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Don’t let “WFH” curb your productivity

Douglas Brown

Doug is our Head of Experiences and he heads up the office in Shanghai. Given the coronavirus, Doug has been working remotely out from Hong Kong over the past 6 weeks and here are his top tips for maintaining productivity whilst collaborating with our team in London:

Start the day right

Get up as you normally would – Don’t necessarily treat the time saved from the commute as extra time in bed. You can really use this time to set up your priorities (personal and professional) for day rather than rolling out of bed at 8:50 for a 9:00 start.

Stretch and move around – You didn’t need to face the morning commute, so spent 5 minutes or so taking some deep breaths and stretching to get the blood flowing and body feeling energised.

Set up a dedicated workstation – I find sitting by a window helps me. I have colleagues that have created a make-shift standing desk. I find this helps me mentally distinguish when/where “work” happens, and when my home is my home.

Taking a shower and getting dressed – This has helped me get mentally primed that I am not just having a “day in”

Plan your day (if you haven’t the night before) – Your remote team are going to be wanting to over-communicate with you throughout the day. So spend time now, without the noise of emails from others, to map our your day. What do you want to achieve? Where do you need help?

Chunk out your time for specific deliverables – I find that we underestimate the time it takes to complete even the smallest tasks by half an hour!

Take breaks between chunks of activity – Get up, walk, get a drink, make food.

Keep your mind and body fueled – Sit with a bottle of water / tea / fruit / nuts to keep your energy levels from slumping

Navigating the working day

Isolation sucks, reach out to each other for informal chats – We don’t have the ability to just shout across the office to ask someone what they fancy for lunch or what they got up to last night. We aren’t able to overhear someones weekend plans. So let’s be open and reach out to each other just to say “Hi”

Structure your 1-2-1’s – They don’t need to be only about work, keep a portion of the agenda for it to be flexible and go with the flow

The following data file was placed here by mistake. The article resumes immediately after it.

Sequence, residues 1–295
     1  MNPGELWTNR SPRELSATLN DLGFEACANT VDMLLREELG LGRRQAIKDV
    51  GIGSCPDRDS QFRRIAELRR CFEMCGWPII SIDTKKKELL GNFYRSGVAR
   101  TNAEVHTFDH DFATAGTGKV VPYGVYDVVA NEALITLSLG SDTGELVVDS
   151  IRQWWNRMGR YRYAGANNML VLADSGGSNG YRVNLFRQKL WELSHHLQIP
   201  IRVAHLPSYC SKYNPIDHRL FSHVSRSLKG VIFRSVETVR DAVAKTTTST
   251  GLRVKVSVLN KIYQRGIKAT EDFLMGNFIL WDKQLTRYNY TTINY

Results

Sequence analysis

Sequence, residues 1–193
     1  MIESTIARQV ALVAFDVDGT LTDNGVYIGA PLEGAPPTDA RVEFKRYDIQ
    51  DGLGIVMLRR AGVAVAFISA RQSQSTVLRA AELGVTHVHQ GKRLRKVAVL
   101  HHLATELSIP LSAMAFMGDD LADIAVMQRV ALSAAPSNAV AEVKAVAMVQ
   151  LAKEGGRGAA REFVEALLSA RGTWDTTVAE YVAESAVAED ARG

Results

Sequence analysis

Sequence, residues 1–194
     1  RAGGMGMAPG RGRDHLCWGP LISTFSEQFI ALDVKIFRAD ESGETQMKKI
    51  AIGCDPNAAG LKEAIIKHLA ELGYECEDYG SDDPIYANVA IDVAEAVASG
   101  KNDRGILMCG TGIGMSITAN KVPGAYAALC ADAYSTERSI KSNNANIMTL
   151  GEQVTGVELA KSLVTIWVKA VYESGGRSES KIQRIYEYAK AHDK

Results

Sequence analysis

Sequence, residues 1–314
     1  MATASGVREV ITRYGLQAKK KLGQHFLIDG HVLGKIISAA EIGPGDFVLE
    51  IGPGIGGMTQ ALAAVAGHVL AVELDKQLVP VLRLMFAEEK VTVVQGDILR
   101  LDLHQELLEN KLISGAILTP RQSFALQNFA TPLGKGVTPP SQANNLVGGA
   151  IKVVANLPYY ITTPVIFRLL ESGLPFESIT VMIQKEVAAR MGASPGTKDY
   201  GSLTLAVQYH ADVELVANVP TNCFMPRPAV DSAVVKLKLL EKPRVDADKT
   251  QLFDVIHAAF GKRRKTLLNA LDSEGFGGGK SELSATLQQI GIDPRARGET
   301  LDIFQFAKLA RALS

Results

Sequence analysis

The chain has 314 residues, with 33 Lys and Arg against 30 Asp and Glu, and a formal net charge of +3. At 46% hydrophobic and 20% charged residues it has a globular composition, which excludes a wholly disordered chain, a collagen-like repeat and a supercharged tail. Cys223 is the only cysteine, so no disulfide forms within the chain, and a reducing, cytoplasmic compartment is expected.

The power of the CC – copy each other in emails that are necessary so that you don’t need to be chased on updates your colleagues

Support – Be proactive and offer support to each other, this can go along way to any of your team who feel isolated or stuck on a particular task

Set and manage expectations – You might not be as productive (or you might be) in the early days of working remotely, that is completely fine, just make sure you manage expectations of those you work with

Tools to increase productivity? – You don’t have to always do the tried and tested. If you see a tool that you think can help you work more effectively, try it out

You’re not in this alone – Ask ask ask, and also be there when others reach out to you

Reflect as you draw an end to your day

Review your list you planned at the start of the day – Did you achieve those items? what didn’t get the attention it needed? what was new? what was challenging? what was unexpected?

Plan for the next day – Quick prioritisation of what needs to be achieved tomorrow so you can start the next day with clear objectives in mind

Review your working process – Did it work for you today? How did you manage your energy/inspiration/creativity/proactiveness?

Shut off – this might seem simple, but the challenge with working from home, is that your home becomes your workplace. Find something to escape the work after work. Whether it is exercise, cooking, netflix, reading, chatting to family/friends – make sure you allow some time to switch off mentally.

Finally working from home is a practice that you will develop.  You won’t always feel the most comfortable at the start because you are just adapting and learning about how you work best from home. So be patient, take time to experiment, and enjoy this new style of working.